System Expansion: The Area Boards

  • Leslie Hannah

Abstract

Although the Central Authority initially resisted the more direct encroachment of Whitehall on the Area Boards (successfully insisting that communication should normally be through the Authority), the semi-political process which determined the Whitehall allocation of resources to electricity was mirrored within the British Electricity Authority. The division of power and cash between the Authority itself (responsible for generation) and the Area Boards (responsible for distribution) was subject to a complex process of bargaining not only with the Ministry but also internally, with discussion there directed as much to political, consensual ends as to traditional commercial disciplines. This was pre-eminently the case where the Area Boards were united in opposing the Central Authority or the Government (as on the Clow differential), though Citrine was more willing to give in to such pressure on matters where he respected the Board Chairmen’s views, such as tariffs, than on matters where he was determined to impose his own, as in labour relations. However, the statutorily-entrenched power of the area chairmen meant that they were more successful than any other group within the Authority in forcing reconsideration of headquarters’ views.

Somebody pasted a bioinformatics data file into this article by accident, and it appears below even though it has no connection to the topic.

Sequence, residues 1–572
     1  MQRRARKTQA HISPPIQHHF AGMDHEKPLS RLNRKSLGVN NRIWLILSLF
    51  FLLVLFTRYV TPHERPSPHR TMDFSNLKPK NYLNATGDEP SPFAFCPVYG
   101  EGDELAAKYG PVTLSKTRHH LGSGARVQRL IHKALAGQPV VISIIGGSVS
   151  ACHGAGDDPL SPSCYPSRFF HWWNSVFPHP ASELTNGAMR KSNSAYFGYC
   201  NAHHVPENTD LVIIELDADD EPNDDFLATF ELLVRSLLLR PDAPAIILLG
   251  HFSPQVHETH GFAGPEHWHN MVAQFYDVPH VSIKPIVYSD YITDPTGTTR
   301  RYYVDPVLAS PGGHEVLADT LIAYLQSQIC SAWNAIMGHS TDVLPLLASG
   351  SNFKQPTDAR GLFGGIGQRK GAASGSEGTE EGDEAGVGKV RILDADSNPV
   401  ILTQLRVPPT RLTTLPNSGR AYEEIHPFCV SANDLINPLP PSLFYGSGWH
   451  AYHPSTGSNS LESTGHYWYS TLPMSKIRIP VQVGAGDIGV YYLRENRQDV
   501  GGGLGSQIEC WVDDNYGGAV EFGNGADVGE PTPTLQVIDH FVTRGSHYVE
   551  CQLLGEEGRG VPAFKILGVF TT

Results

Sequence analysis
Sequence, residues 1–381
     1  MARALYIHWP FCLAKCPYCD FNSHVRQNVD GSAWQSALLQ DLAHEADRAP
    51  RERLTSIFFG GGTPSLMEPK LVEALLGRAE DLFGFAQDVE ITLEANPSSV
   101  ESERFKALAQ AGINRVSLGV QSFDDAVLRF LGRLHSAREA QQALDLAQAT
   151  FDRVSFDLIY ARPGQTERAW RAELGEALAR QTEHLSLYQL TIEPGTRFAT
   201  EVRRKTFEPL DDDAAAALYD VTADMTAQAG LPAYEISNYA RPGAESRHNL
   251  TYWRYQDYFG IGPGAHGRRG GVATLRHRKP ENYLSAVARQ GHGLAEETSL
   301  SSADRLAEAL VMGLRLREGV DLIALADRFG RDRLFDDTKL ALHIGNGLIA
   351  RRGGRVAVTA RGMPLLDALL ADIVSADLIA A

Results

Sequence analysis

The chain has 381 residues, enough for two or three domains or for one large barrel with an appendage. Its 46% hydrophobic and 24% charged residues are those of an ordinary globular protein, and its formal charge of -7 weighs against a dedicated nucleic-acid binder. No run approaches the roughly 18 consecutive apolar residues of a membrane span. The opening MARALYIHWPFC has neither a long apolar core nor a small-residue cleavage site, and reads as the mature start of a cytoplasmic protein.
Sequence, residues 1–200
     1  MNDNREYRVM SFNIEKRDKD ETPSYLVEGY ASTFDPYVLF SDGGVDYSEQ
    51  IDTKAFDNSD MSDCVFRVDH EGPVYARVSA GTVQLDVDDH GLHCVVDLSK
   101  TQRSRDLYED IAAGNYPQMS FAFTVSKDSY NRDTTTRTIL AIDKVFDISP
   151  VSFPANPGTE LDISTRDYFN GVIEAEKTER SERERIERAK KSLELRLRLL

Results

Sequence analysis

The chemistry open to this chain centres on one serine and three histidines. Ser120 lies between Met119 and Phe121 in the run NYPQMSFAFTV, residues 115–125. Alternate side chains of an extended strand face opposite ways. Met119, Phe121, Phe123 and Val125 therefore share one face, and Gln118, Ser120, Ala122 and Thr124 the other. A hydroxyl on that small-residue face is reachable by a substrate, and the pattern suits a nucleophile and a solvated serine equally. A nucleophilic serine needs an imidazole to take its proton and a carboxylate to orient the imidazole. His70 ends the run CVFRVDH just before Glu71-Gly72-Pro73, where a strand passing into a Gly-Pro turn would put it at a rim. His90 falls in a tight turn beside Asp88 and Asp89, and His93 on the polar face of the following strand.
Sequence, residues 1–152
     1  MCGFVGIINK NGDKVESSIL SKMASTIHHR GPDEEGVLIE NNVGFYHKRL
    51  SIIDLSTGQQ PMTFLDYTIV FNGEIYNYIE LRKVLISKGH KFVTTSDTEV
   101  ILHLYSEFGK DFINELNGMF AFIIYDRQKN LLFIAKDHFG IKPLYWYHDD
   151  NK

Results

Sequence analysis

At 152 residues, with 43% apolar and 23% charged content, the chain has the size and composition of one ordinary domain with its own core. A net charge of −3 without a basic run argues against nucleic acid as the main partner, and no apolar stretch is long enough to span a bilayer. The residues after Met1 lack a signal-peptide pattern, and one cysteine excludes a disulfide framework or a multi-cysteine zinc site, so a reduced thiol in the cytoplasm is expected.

Keywords

Explosive Expense Sorb Defend Poss 

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Notes and References

  1. 2.
    Sir Henry Self, Problems of Decentralisation in a Large-Scale Undertaking (British Institute of Management, 1951) p. 42.Google Scholar
  2. D. J. Bolton, ‘Measuring Area Board Performance’, Electrical Review, 17 August 1956.Google Scholar
  3. 4.
    L. Hannah, Electricity Before Nationalisation: A. Study of the Development of Electricity Supply in Britain to 1948 (London and Baltimore, 1979 ) pp. 234–56.CrossRefGoogle Scholar
  4. 5.
    C. E. Knight, An Area Board Accountant’s Contribution to Management (British Electricity Authority, 1954 ) pp. 54–5.Google Scholar
  5. 7.
    E.g. Lord Citrine, Two Careers (1967) p. 296.Google Scholar
  6. 8.
    L. Needleman, ‘The Demand for Electrical Applicances’, National Institute Economic Review, no. 12, November 1960, p. 40.CrossRefGoogle Scholar
  7. 9.
    G. D. N. Worswick, ‘The British Economy 1950–1959’ p. 25, in Worswick and Ady, The British Economy in the Nineteen Fifties (Oxford, 1962 ).Google Scholar

Copyright information

© The Electricity Council 1982

Authors and Affiliations

  • Leslie Hannah
    • 1
  1. 1.London School of EconomicsUK

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